Archive for May, 2010

Testimony on H. R. 2499

May 22, 2010

Documentation of the testimony pertaining to H.R. 2499  before the Senate Committee on Energy and National Resources:

In favor of  H. R. 2499  — LUIS G. FORTUÑO GOVERNOR OF PUERTO RICO and Congressman Pedro R. Pierluisi

Against: Hon. Rubén Berríos Martínez President Puerto Rican Independence Party and HÉCTOR J. FERRER RIOS PRESIDENT OF POPULAR DEMOCRATIC PARTY

If you have the patience to read this testimony, you will find these men are either in favor of or against H. R. 2499, based on their assessment of the likely outcome.  A reasonable position for all of them.  You will notice, if you read between the lines, that all of them are clear that this bill stacks the deck.   The side poised to win is in favor.  The side the deck is being stacked against are understandably upset about it.

I will probably live if Puerto Rico becomes a state, or becomes independent, or remains a commonwealth.  I still maintain though, that allowing the Congress of the United States to stack the deck — which all of these witnesses recognize has happened — should have us all upset.  The catastrophic danger to us is the precedent set by allowing non-residents to vote in the election simply on the  strength of having been born in Puerto Rico.   The audacity of the U. S. House of Representatives in passing this measure is beyond the pale.

My earlier posts about this issue are here and here.


Update on H.R. 2499

May 16, 2010

H.R. 2499 passed with bipartisan support in the House.  I think all those voting for it should be ashamed.

I wrote at length on April 29th about the dangerous precedent that Congress is setting by mandating that non-residents be allowed to vote in the plebicites authorized by the bill.  I won’t repeat myself here.  This travesty is on the calendar for a hearing before the Senate Committee on Energy and Natural Resources  on 5/19/2010 at 9:30 AM

In the Congressional Research Service document Political Status of Puerto Rico: Options for Congress one can find this statement: “Proposals to allow those living outside Puerto Rico  to vote in plebiscites do not appear to have generated substantial controversy.”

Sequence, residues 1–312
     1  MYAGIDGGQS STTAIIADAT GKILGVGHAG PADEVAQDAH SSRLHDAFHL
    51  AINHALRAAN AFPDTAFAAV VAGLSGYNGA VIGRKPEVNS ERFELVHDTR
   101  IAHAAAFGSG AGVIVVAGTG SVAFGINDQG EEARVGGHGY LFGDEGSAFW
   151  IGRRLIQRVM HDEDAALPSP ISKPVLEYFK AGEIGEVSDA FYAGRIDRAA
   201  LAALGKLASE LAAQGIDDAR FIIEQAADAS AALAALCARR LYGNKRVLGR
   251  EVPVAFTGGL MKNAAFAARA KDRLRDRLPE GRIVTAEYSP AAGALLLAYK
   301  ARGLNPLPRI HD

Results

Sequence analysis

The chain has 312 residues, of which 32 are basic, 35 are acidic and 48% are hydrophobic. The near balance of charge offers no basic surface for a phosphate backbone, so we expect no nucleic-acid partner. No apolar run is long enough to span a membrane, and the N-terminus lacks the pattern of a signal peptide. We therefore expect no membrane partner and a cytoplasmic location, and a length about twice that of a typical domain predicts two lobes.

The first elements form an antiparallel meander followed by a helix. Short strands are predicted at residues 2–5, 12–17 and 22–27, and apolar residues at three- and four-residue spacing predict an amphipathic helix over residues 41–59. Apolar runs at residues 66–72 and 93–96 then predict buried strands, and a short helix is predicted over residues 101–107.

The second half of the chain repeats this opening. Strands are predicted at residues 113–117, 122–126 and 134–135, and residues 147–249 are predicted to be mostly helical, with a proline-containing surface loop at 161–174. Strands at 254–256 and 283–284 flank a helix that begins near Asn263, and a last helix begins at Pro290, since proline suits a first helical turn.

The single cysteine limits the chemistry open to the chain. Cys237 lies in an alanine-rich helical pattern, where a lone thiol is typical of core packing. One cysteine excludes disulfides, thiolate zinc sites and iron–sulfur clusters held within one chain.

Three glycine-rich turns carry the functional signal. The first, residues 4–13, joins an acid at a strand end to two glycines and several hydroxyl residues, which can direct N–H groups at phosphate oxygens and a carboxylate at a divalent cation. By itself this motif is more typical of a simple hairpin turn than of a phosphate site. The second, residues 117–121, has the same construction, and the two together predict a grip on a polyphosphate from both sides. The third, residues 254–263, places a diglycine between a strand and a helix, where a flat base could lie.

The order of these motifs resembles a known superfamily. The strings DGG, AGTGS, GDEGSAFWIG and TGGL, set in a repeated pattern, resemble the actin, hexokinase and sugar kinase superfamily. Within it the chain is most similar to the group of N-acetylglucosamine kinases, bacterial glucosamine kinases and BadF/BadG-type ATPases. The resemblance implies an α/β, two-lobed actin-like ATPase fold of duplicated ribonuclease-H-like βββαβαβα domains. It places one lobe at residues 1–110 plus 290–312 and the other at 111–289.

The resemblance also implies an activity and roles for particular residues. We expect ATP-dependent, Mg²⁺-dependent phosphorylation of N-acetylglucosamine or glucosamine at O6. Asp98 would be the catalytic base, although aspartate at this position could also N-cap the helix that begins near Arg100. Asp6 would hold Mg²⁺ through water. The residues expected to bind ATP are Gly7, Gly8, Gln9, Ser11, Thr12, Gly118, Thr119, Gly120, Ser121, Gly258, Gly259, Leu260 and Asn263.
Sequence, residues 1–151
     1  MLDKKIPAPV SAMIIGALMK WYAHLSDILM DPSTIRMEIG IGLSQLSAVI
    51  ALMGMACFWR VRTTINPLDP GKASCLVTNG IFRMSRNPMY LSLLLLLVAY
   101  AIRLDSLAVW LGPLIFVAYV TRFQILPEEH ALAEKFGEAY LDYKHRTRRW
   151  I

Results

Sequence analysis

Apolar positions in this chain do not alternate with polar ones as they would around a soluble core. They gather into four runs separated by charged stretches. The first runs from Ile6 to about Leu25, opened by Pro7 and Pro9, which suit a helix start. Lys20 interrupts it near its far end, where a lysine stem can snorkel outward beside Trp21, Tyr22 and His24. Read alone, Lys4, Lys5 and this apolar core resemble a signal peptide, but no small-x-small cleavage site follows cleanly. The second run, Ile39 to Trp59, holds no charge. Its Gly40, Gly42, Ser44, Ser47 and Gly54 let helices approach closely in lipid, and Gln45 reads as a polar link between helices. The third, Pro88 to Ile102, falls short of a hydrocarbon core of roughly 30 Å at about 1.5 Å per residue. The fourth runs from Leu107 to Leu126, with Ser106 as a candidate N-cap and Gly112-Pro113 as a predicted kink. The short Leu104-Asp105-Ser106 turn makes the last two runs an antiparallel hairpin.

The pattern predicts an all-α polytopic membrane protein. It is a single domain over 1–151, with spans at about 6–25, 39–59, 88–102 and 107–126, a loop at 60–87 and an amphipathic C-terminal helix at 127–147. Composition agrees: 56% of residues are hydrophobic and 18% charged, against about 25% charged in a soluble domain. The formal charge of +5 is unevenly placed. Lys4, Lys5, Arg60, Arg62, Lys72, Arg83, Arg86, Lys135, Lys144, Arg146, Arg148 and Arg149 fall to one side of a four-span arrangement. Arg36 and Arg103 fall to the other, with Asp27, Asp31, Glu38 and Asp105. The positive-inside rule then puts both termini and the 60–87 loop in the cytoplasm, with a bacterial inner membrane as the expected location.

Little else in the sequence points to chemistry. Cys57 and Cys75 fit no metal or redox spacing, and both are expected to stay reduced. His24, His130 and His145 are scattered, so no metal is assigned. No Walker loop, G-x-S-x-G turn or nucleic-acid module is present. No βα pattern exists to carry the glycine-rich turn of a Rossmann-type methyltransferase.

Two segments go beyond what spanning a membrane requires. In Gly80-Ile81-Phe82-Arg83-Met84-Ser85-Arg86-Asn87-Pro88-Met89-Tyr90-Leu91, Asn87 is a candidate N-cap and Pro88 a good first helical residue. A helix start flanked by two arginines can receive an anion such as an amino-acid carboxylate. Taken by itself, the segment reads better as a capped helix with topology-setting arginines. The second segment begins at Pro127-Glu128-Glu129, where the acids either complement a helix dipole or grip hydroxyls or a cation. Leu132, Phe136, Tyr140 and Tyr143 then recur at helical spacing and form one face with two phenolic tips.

I think we need to show there is substantial controversy.  That is, if you want to continue having fair elections in the United States of America.  There is a link to the members of the Senate Committee on the committee website.  There will be no better opportunity to make opposition known than before this hearing.

Let’s Reqire 75 Votes in the Senate

May 5, 2010

Harry Reid, 5/4/2010 (from the floor of the Senate)

I also hope we don’t get locked into something that appears to be the order of the Congress around here; that is, everything has to have 60 votes. I can’t speak for everyone, but I will certainly do everything within my power to tell my Senators, let’s just have 50-vote margins. Why do we need to have 60 votes on everything we do around here? It makes it so much more difficult. I believe it is unnecessary.

Hooray for “so much more difficult”!  I say let’s have bigger margins, not smaller.  Don’t pass anything unless it is such a good idea that it is practically uncontested.  Don’t pass any measure unless Democrat and Republican alike look at it and exclaim “Why didn’t we think of this before?”  It’s only difficult to get the votes because most of the country is against the things this Congress is doing.  If they stop it, Senator Reid’s margin problem will simply vanish.

Oh.  I know I’ve said it here before, but if you listen closely to narcissists, they will tell you exactly what they are doing.  It’s a compulsion and they can’t help it.  And all you folks were thinking those were YOUR senators?